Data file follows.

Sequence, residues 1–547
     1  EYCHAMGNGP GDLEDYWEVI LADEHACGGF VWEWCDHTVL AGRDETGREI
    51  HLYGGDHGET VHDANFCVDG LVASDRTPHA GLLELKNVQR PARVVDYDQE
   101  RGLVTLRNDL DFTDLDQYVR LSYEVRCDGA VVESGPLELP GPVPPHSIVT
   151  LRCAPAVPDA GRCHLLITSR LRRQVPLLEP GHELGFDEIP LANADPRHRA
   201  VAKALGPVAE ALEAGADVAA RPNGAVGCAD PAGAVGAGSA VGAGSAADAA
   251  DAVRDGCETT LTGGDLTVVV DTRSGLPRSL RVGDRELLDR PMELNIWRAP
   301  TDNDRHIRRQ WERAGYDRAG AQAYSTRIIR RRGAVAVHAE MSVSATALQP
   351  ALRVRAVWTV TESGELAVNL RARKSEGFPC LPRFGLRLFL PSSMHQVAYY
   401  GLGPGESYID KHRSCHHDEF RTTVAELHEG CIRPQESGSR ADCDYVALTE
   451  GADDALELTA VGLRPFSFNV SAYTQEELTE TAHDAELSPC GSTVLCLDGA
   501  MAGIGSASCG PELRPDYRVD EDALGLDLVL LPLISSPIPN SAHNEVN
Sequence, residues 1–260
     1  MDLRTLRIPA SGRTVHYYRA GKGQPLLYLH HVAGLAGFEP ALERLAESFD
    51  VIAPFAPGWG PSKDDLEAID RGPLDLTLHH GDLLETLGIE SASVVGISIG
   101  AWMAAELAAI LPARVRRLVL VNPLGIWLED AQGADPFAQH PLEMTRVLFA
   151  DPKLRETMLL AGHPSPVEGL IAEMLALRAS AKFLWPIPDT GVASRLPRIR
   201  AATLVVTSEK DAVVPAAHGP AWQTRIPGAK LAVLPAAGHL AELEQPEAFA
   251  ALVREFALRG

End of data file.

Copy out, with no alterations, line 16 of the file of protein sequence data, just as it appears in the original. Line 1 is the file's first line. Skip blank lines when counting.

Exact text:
   101  AWMAAELAAI LPARVRRLVL VNPLGIWLED AQGADPFAQH PLEMTRVLFA